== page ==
As de Lagasnerie points out, criminal justice constructs a specific interpretation and narrative of our actions and existences to the detriment of other possible modes of restitution, creating a violent disconnect with our true mode of existence (p.15-16). The law, as de Lagasnerie traces, concerns itself with abstractions such as ‘general good’ and the ‘great general happiness’ that no one has ever seen, felt, or experienced. He argues that punishment therefore implies a transmutation and transfiguration of actions, in which the acts through which individuals harm one another are converted into acts that harm all of society (p.157). Besides transmutation and transfiguration, according to him, the logic of punishment depends also on a practice of overdetermination, as “in criminal law, a crime is never in the end judged for what it truly is, but every crime or infraction, however ordinary, commonplace, or specific, is framed and then judged as a crime or offence against society, or the state” (p.170). Restorative scholars view criminal law and criminal justice also as conflict-reducing, depersonalising, and context-indifferent. Rather differently, restorative justice proposes to recognise the wrongdoer and the wronged in their individuality and social context (lifeworld) rather than subsuming crime in a general or abstract legal category, because justice, as Derrida writes, “always deals with singularities, concrete cases, and unique situations” (as quoted in p.190).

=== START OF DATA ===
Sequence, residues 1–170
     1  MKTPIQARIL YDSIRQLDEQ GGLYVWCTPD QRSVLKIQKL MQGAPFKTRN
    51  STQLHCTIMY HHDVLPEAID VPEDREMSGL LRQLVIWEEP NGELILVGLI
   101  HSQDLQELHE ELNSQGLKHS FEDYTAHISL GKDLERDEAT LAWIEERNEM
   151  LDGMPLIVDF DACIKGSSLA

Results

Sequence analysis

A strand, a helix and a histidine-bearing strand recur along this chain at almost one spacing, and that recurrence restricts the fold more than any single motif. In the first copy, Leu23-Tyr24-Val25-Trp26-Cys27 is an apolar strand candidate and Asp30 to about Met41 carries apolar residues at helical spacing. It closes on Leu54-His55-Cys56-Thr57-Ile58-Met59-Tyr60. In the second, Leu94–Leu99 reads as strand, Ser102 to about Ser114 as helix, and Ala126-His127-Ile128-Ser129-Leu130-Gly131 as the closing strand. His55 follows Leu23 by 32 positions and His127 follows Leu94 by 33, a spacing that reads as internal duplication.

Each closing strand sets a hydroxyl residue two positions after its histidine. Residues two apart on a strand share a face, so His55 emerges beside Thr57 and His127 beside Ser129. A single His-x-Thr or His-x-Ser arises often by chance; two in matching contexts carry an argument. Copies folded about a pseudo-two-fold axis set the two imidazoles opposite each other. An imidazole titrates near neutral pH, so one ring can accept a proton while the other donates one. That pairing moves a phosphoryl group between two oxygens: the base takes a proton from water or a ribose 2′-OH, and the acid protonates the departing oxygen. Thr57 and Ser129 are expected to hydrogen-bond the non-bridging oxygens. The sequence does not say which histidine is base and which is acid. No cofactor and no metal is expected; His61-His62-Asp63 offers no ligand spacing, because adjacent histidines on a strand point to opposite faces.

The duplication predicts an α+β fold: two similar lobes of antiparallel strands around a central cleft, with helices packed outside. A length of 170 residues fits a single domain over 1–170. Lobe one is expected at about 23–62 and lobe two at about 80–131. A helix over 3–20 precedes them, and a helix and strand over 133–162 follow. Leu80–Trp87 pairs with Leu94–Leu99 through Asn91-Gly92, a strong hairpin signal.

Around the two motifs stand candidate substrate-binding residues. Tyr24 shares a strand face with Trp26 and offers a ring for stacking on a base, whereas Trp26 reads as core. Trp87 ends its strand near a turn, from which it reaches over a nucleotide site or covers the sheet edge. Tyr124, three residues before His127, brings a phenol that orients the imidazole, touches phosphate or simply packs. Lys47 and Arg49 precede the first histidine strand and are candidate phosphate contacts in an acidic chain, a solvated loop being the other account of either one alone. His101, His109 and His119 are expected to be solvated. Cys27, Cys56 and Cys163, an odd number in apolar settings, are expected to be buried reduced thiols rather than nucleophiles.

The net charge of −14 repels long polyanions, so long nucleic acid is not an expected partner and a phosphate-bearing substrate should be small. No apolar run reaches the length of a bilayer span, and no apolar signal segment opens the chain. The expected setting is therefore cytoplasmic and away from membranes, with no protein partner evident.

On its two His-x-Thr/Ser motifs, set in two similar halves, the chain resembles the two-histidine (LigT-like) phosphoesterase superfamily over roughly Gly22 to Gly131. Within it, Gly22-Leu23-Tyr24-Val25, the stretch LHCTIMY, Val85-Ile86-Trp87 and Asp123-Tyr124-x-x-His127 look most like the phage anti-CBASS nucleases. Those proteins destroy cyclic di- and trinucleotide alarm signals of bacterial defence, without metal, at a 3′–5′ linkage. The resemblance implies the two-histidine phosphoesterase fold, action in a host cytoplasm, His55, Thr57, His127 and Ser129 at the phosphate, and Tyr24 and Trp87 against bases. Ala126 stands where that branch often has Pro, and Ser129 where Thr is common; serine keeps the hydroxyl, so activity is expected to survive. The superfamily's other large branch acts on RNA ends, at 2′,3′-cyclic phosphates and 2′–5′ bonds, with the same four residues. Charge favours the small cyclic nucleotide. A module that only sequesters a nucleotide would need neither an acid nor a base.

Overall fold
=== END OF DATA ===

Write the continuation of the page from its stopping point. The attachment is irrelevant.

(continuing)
The perception of an act of wrongdoing and crime as a real lifeworld interaction provides the ground for the involvement of those concerned and affected to enter a dialogic exchange, which implies the participation of those concerned and affected by the event to become part of the process. According to restorative scholars and practitioners, the best means of doing justice is through collaborative, deliberative and participatory processes, where each party can express affects, exchange information, and clarify and discuss ideas, norms, or solutions in a supportive environment. Thus, one of the grounds that restorative justice challenges the criminal justice is in its intimate architecture of delegation and therefore its sovereign legitimacy.